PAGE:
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In 1949, Philip Johnson commissioned a series of exhibition houses for MoMA’s sculpture garden, to offer up an “economical solution for an individually built, architect-designed country home,” as an alternative to the prefabs and Cape Cod-style dwellings filling America’s new suburbs. The “House in the Museum Garden” series may not have had the transformative effect he hoped for, but for Marcel Breuer, who designed the first home in the series, the exposure yielded a handful of commissions built in the same style. These included the Lauck House, on four acres in Princeton, New Jersey, which was recently put on the market for $2M.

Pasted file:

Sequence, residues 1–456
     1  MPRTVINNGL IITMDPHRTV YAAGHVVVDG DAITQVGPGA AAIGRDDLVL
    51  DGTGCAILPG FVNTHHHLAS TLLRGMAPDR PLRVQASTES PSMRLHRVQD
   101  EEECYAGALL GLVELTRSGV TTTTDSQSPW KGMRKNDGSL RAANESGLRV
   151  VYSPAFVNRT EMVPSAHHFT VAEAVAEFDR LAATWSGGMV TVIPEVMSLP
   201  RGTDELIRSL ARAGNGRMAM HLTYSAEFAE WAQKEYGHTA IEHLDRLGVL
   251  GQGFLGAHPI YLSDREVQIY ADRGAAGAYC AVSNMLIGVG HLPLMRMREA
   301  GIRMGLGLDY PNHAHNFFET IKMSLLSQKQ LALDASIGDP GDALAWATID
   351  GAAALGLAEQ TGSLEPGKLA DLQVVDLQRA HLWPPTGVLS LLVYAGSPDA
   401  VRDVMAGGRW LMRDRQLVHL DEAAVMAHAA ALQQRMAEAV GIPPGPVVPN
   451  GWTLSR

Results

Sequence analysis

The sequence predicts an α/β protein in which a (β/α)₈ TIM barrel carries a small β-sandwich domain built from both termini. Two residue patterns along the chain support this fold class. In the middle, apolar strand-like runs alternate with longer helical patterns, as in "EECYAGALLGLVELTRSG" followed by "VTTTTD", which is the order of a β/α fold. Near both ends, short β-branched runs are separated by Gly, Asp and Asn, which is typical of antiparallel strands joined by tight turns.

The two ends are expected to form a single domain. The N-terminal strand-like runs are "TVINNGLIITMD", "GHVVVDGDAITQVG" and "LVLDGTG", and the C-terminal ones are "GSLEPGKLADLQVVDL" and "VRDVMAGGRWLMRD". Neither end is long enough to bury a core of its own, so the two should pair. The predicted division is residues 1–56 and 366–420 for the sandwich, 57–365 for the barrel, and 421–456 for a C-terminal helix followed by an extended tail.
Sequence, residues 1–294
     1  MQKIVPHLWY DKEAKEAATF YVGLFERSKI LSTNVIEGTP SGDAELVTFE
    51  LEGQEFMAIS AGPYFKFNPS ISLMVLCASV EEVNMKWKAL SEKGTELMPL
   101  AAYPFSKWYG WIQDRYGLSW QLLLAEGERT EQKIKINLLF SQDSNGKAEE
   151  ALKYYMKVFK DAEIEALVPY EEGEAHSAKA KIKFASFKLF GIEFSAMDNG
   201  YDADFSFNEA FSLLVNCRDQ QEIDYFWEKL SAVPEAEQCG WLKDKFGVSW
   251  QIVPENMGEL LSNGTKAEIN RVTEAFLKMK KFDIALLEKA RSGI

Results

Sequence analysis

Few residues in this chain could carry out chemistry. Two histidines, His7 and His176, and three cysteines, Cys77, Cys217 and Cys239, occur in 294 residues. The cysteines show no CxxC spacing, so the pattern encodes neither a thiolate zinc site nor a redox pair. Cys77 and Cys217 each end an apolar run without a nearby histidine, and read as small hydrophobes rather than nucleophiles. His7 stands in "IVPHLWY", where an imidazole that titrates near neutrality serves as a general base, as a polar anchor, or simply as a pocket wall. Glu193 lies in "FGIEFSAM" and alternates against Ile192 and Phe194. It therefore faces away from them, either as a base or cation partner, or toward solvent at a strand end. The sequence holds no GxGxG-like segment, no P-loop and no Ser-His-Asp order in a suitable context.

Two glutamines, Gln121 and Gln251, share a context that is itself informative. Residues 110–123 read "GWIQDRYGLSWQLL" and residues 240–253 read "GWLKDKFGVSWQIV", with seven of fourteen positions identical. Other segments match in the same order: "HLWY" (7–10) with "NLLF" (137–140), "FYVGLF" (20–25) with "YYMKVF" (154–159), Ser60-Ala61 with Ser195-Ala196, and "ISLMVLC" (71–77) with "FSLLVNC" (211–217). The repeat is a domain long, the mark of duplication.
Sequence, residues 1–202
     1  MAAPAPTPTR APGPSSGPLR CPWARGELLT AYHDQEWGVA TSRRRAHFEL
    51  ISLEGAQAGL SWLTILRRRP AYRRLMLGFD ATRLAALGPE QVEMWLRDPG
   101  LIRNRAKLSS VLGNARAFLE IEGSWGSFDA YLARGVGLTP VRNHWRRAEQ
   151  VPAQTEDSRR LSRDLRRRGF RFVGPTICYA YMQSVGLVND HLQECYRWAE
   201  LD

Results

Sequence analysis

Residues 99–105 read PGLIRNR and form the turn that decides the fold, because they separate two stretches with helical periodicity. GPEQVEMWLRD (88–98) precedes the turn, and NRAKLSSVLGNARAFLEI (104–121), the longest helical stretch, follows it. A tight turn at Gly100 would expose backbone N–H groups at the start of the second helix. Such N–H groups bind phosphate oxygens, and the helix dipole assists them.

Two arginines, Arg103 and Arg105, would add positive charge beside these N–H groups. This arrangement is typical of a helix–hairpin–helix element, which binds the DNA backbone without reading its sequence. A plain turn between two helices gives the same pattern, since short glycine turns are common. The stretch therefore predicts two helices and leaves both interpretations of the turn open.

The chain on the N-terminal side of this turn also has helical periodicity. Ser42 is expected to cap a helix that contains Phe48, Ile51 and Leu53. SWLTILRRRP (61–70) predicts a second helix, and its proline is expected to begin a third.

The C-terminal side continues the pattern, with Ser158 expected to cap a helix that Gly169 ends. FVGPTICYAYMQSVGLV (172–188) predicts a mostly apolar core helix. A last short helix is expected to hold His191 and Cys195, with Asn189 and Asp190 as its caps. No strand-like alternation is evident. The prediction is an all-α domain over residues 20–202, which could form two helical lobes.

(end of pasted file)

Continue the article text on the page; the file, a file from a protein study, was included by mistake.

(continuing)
A 2011 Dwell article on Breuer’s original MoMA home—which the Rockefellers purchased and had rebuilt on their estate, in Pocantico Hills, New York, where it now hosts the resident artists of the Rockefeller Brothers Fund—shows a very close resemblance. Both were built with butterfly roofs, and a “bi-nuclear” layout so that they could adapt as families grew, essentially creating ‘apartments’ at each end; the master bedroom and master bath in one, and bedrooms, a bathroom, and a playroom at the other, with a kitchen in between. ….